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I'd second replacing the belt.
All ( I used to own several different models of Kodascope projectors-
All Eastman Kodak manufacture) and they all had speed controls in the
form of a rheostat. Because of this feature, I could replace the usually
missing belt with a rubber belt which had sufficient tension to run the
machine. Where it ran in the pulleys didn't matter due to the speed
control. And since silent films weren't all shot at a fixed speed, the
speed control becomes even more desirable..Of course, the closer you can
get to the original size and cross profile of the old belt to help
maintain originality , the better.
Some sewing machine drive belts use the same v profile, if you can find
one of the correct size.

If your flims have the odor of mothballs, you have Diacetate based
film, which was developed by Kodak around 1911 , but as George points
out, wouldn't stand up to the intense heat of carbon arc lamps and
constant projection use of theatrical projection.
It was developed mainly for projection with incandescent lamp machines
used in the home or school which generate much , much less heat, not to
mention smoke and poisonous gasses than carbon arc lamps do.
 I suspect that your machine has a notification on it that states " For
Use With Slow Burning Film Only".   That's diacetate film.
 Kodak also made a prismatic color home movie film which will project
well in monochrome, but if you have the lens mounted filter , will
project in pastel colors.

Diacetate shrinks, but it doesn't decompose or suffer from vinegar
syndrome. It was definately used for 16 and 35 mm filmstock. I'm not so
sure about 9.5, 28 mm, etc. I have encountered some film from India
which was 16 mm , but of nitrate base and was decomposing.. Unknown
manufacturer.  I don't believe nitrate was ever used for 16 mm stock in
the US due to fire regulations.

Kodak ( Kodascope ) and  Universal ( Show At Home ) both had very large
16 mm rental libraries of silent and sound- on- disc feature and short
subjects which were available for rental and use in the livingroom- all
issued on diacetate film. This is the reason which we have more early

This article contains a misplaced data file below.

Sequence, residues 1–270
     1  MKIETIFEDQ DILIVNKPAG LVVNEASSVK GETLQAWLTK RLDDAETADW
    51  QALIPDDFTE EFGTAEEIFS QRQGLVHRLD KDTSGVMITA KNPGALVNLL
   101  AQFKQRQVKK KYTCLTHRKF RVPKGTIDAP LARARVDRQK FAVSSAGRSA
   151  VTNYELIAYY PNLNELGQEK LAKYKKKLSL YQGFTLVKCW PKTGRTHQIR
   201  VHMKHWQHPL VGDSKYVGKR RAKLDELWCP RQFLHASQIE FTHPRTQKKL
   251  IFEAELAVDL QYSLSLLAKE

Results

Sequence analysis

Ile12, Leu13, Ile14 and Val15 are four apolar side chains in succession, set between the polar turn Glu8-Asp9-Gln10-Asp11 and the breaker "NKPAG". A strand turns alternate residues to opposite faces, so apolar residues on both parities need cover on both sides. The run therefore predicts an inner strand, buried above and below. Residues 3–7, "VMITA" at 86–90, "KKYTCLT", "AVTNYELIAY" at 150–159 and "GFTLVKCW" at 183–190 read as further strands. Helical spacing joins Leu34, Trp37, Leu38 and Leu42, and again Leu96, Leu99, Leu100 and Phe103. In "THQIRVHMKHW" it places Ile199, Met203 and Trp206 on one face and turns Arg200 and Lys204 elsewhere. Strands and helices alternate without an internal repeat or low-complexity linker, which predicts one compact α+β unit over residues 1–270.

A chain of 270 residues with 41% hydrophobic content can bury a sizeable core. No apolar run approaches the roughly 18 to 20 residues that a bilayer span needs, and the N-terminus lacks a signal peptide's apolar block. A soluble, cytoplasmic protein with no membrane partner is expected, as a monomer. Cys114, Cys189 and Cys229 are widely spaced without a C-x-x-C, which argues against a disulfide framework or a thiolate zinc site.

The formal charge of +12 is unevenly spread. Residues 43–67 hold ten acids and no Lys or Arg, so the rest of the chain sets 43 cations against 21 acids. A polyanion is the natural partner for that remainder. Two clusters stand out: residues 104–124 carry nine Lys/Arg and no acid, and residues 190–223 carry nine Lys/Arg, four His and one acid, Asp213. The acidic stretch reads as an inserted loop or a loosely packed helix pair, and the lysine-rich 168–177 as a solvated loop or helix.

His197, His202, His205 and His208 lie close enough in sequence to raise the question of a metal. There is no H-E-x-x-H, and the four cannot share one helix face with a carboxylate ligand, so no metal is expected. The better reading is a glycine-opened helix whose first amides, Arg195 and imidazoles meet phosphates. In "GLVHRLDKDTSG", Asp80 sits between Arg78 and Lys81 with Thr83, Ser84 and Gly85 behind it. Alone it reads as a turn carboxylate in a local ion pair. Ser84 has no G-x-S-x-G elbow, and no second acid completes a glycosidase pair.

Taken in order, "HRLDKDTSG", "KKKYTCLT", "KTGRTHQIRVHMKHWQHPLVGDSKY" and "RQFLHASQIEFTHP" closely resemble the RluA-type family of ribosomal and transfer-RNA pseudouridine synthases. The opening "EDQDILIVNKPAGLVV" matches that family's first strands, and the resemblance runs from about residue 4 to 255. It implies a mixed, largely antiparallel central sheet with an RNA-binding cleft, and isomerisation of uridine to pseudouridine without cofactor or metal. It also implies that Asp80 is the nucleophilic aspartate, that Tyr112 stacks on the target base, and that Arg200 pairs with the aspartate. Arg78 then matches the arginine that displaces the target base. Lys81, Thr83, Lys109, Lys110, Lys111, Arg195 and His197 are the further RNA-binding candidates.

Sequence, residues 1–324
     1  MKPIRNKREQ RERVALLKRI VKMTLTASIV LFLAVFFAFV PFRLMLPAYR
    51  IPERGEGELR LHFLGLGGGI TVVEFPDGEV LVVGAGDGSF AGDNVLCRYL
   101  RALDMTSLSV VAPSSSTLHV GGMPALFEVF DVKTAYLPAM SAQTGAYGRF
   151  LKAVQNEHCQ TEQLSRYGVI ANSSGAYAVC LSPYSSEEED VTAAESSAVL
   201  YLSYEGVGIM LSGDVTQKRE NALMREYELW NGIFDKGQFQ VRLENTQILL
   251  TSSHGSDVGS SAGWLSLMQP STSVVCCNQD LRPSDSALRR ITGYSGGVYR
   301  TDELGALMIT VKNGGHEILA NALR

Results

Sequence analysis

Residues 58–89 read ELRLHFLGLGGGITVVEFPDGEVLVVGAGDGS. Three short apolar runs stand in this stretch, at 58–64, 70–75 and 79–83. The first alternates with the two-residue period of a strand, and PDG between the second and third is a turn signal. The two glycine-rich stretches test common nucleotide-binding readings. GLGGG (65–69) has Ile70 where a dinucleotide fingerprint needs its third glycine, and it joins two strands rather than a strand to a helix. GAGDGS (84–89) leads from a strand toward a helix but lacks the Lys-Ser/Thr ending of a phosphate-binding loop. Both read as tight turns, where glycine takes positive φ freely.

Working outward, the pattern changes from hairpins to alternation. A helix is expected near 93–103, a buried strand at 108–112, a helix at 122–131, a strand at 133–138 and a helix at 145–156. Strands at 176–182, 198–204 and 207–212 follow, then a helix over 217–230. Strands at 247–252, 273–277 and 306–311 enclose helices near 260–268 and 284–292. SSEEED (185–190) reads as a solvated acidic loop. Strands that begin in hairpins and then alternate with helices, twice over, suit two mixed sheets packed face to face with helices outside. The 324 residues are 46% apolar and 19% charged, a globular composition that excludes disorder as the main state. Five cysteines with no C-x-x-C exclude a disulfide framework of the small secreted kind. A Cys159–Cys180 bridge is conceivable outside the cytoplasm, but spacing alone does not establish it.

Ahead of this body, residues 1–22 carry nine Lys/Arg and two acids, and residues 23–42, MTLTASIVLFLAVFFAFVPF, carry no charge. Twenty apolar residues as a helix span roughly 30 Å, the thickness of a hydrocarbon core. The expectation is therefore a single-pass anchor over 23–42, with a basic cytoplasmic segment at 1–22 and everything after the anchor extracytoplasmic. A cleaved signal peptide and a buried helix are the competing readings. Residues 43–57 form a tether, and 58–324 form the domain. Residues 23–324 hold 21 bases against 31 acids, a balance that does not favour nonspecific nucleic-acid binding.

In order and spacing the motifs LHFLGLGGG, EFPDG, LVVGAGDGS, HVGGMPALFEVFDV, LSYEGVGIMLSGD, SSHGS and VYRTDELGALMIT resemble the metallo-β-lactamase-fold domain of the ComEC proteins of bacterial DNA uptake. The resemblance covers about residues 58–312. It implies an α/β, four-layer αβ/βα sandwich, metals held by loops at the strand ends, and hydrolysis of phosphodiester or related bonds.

motion pictures available to us as these prints don't decompose and are
restorable - even to be enlarged to 35mm filmstock for theatrical
presentation and archival preservation.

Sorry to have got off on a tangent, but it's a passion of mine!

Bob Hodge
Sr. Engineer
Belfer Audio Archive
Syracuse University




>>> [log in to unmask] 6/14/2005 2:11:21 PM >>>
From: Patent Tactics, George Brock-Nannestad

RA Friedman wrote:

 noticed the primary
> motor drive belt was flaking. Upon closer examination, I could see
fibrous
> material that looked like woven cotton and immediately panicked:
Asbestos!

----- this is quite unreasonable. Asbestos is a marvellous material
when
handled correctly, i.e. if blue asbestos, do not crush while breathing
in. It
all depends on the length of small fibers given off when crushing. But
there
are so many sources of small fibres anyway that running a flaking belt
would
not contribute significantly.

>
> I emailed Eastman Kodak to find out if they had any information in
their
> corporate archives. I was given a polite "no" and given the age of
the
> product, I should politely forget about it. I wrote back and told
them this
> was not acceptable. Since the company had not changed hands and the
product
> was still in use by me, I feel an answer is in order. I requested
that they
> direct me to the next level of management.
>
> I've received no answer. Any suggestions?

----- if you are scared, use another belt.

The reason nitrate film survived for so long, even though it was
highly
inflammable and (if the stock was not manufactured correctly) prone to
self-
destruction, was that it had mechanical properties far surpassing the
di-
acetate and tri-acetate that "safety-mongerers" tried to sell. But
people
took precautions. Your 16 +mm film is likely to be an acetate, because
the
forces developed in 16 mm did not require the high strength. Whew, you
are
safe there.

Kind regards,


George